It is also a common misconception that all trans people have ‘sex change surgery’. This is not the case and many find that they can live contentedly in their acquired gender role, whatever that may be, without the need for medication or surgical interventions. For example, in 2015/16 statistics from Charing Cross Gender Identity Clinic showed that only 60% of trans women receiving treatment went on to have genital reconstructive surgery.

Gender diversity is an emotive topic which receives significant exposure in the press and in social media. It is a subject many find difficult to grasp. There are some who feel that being trans is not a ‘proper’ illness; others think that offering surgical intervention is wrong and is a form of self-mutilation; and some see it as a waste of NHS resources. This heated debate is further fueled by the rise in numbers of young children who are coming forward, often with the support of their parents, to seek help dealing with their gender identity.

The focus of health care engagement is alleviating the distress. The goal of treatment for trans people is to improve their quality of life by facilitating their transition to a physical state that more closely represents their sense of themselves; that may or may not include hormone treatments or surgery.

Trans, non-binary and gender-variant people are individuals who have a different sense of self when compared to the majority of society who are cisgendered. Mockery, discrimination or abuse of these people is just as much an infringement of their human rights as it would be for any other minority group. In less than a lifetime public understanding of, and attitudes towards, those suffering gender dysphoria have improved markedly; it is to be hoped that the progress continues.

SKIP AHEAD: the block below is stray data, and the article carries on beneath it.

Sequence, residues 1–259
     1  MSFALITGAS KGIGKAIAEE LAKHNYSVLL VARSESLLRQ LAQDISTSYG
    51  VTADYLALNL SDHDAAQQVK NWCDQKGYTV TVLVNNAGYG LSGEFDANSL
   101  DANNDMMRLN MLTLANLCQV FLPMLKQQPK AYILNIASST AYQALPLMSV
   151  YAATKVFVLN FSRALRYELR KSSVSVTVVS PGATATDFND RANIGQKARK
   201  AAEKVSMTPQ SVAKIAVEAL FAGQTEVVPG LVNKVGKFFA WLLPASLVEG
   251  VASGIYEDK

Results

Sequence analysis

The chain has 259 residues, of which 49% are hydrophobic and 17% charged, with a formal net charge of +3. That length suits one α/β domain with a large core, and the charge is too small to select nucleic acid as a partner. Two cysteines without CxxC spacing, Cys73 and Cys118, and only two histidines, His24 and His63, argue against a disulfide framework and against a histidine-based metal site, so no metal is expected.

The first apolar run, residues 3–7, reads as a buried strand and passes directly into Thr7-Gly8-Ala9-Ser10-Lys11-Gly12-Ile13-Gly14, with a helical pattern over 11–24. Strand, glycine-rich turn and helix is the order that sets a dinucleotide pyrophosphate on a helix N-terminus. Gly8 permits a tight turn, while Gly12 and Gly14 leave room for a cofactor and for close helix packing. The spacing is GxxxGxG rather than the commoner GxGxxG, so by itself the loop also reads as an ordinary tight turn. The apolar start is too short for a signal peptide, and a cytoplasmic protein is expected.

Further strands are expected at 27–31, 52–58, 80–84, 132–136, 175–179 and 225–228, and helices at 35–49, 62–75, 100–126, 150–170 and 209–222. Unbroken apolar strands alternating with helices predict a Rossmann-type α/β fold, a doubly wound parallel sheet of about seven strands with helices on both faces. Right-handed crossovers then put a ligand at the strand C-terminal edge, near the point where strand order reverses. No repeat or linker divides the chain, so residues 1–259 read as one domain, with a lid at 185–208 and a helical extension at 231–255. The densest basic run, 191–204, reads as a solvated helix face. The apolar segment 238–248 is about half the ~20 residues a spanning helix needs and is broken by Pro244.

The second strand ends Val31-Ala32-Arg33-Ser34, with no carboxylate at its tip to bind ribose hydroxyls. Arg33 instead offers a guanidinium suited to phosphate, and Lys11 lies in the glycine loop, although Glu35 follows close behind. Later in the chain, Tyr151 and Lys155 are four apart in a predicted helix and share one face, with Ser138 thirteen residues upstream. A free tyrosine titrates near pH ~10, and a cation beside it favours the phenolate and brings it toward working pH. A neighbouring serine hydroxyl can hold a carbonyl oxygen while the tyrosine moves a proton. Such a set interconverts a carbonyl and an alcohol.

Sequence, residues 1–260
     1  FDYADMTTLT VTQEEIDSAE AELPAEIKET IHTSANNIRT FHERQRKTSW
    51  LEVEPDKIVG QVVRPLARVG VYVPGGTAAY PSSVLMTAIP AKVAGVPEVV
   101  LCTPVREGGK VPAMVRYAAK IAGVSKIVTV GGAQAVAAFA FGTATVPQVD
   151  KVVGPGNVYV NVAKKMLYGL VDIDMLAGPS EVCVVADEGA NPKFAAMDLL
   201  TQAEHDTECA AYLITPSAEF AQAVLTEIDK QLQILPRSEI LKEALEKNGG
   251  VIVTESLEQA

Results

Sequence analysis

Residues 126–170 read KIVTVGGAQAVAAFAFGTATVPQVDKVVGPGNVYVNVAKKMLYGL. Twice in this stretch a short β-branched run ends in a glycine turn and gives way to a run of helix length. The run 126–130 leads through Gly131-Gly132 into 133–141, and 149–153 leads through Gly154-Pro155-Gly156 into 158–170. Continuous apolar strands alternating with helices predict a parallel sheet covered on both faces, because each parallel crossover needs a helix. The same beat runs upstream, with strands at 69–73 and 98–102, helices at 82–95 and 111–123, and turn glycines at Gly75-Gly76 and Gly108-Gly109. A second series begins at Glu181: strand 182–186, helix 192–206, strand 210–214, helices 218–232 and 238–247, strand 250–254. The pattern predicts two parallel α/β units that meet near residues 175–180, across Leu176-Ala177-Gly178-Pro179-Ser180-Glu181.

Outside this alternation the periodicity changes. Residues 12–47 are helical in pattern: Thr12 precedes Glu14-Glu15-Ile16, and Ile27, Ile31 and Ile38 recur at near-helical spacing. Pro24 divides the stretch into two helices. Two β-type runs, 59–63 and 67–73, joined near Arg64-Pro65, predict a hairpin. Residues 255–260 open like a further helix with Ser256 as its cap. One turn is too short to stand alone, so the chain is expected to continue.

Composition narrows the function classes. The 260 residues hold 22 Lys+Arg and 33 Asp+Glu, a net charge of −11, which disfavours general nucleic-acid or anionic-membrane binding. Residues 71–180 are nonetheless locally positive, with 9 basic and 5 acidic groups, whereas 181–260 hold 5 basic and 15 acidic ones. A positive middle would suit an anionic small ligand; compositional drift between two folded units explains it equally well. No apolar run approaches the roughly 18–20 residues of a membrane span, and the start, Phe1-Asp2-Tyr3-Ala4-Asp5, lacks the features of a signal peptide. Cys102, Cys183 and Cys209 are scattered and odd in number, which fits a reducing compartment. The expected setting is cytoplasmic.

The recently published Second Memorandum of Understanding against Conversion Therapy acknowledges that no one gender identification is preferable to another. As therapists we must be aware of this when working with clients and ensure that we do not inadvertently (or deliberately) direct a client to pursue one gender identification in preference to another. This would be seen to convert the clients’ perspective and to work in a reparative manner which is now acknowledged to be unethical and harmful. Caution and appropriate training are needed to work in this field (and also that of sexual and relationship diversity), to be able to provide a client with the support, and in some cases perhaps education, about gender and sexual diversity and the many variations that exist in society today.

The Second Memorandum of Understanding against Conversion Therapy can be found on professional websites and is relevant to the medical, psychological, counselling and therapeutic professions within the UK who are signatories. Information can also be found on many sites that are allies to and supporters of gender and sexual diversity. This document extends the existing professional stance against conversion therapy for sexual diversity to now be inclusive of gender diversity. The details of the memorandum can be found here.

Blog Post written by:
Kirstie McEwan
CICS Lead Tutor on Gender Diversity